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Why do we wait until February 29 to get on bended knee?

It's an interesting one, February 29, don't you think? According to the newspapers and morning television programmes, thousands of women across the country will today be 'leaping' upon their opportunity to trap – oops, I mean, propose to – the man they love.

The interesting part of it is the repeated use of that word 'opportunity'. Jovial stories in the papers tell us that this most infrequent of dates is the one on which women are traditionally 'allowed' to propose to a man.

Why do we wait until February 29 to get on bended knee?  The way to a man's heart? Beefeater is offering 'leap year' steaks to (possibly terrified) men today. Photo: Beefeater

Obviously, in these modern times, it is not completely unheard of for women to propose to their boyfriends on any day of the year (it wasn't completely unheard of in October 1839 as it goes, which is when Queen Victoria proposed to her beloved Prince Albert) – but I must say I find it quite intriguing how so many of us still buy into this idea that February 29, which comes around just once every four years, is our best chance to do so.

Despite the fact that, apparently, more women than ever are popping the question, those proposals still account for just 9% of the total – meaning in more than nine out of 10 cases, it's still the guy who calls the shots on whether marriage is ever on the table.

What's more, according to some research done by Swoon.co.uk last year, of the women who do propose, 75% admit to wishing that their partner had asked them instead. A different study by Eurostar reveals that almost half of women "would consider" proposing to their partner – but two thirds would still expect their partner to buy them an engagement ring!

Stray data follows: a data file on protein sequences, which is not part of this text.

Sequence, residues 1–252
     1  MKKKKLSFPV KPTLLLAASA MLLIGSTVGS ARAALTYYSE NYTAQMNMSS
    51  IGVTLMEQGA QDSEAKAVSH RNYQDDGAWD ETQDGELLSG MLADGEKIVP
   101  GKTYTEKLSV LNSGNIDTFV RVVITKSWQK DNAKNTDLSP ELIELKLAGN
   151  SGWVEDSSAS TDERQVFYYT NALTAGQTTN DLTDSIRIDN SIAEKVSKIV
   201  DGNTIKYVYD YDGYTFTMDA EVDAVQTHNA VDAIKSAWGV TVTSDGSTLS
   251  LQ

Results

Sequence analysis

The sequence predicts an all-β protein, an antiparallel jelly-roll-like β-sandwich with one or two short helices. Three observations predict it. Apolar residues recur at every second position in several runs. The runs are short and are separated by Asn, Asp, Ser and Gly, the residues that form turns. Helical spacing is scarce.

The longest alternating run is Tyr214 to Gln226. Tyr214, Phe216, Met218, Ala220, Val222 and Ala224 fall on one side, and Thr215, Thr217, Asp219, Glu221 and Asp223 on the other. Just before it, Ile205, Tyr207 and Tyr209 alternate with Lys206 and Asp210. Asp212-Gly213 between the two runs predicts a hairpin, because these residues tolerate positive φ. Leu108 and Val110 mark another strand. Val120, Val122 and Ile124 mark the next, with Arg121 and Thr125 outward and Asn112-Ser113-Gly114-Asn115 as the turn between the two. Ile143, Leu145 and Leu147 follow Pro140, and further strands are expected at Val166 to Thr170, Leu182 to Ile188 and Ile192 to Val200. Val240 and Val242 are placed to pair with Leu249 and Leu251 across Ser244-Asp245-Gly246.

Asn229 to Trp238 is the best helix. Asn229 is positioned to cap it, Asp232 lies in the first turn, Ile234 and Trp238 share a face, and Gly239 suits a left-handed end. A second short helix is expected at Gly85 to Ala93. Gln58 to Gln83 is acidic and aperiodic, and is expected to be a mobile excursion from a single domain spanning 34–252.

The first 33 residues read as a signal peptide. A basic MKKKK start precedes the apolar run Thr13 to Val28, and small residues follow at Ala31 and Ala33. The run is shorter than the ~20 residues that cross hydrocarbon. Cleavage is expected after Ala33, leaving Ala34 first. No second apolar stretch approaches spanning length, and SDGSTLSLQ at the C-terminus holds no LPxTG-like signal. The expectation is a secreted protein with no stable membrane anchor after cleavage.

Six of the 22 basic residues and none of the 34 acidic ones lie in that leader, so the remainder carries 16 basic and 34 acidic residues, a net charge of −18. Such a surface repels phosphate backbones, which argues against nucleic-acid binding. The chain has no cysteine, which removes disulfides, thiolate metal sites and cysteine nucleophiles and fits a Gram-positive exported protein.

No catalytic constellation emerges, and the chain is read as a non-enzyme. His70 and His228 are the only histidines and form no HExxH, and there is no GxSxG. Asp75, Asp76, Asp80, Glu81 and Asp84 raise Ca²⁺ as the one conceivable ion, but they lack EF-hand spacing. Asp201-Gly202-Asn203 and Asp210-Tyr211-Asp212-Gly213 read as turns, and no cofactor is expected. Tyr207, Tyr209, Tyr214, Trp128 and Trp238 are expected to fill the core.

All this seems a little at odds with what feminists have spent the last five decades campaigning for does it not? Why, in a society that sees women fighting tooth and nail for equality (and we are still a long way off it in the workplace), do we girls continue to adhere to the 'rules' that say it should be a man who does the asking?

The obvious answer is that women must hold more traditional beliefs about romance and gender roles than they would care to admit. I've written before on MyDaily (Why women just can't have it all) about how many women actually choose to be the one stays at home with the children – but I do think that comes down to biology to a certain extent: a woman's desire to nurture her children might well be stronger than she ever imagined it would be.

But this is something else altogether – this is about what we consider to be the rightness or wrongness of 'a woman doing what a man should really do'. In between the actual marriage proposals on television this morning, there have been countless discussions about how male presenters and guests might feel if their partner had proposed to them; whether or not a woman getting down on one knee would be a step too far in terms of emasculation; whether if a woman proposes she should also be prepared to pay for her own engagement ring.

While I am sort of enjoying the idea of commitment-phobic men all over the UK quaking in their boots (well, many of these proposals must be coming from women who are tired of waiting to be asked themselves, and the fact they haven't been asked would suggest their other halves aren't very keen on the idea), I am also quite enjoying the repeated message coming through that many, many men would be delighted if their girlfriends asked them to be their husbands.

So, given gender stereotyping essentially underpins all sexual inequality, it might be worth us considering that in this case, perhaps just for once: it is women and only women who are reinforcing this idea of the traditional roles.

Come on ladies, break the mould and pop the question. Just wait until tomorrow. That'll REALLY surprise him.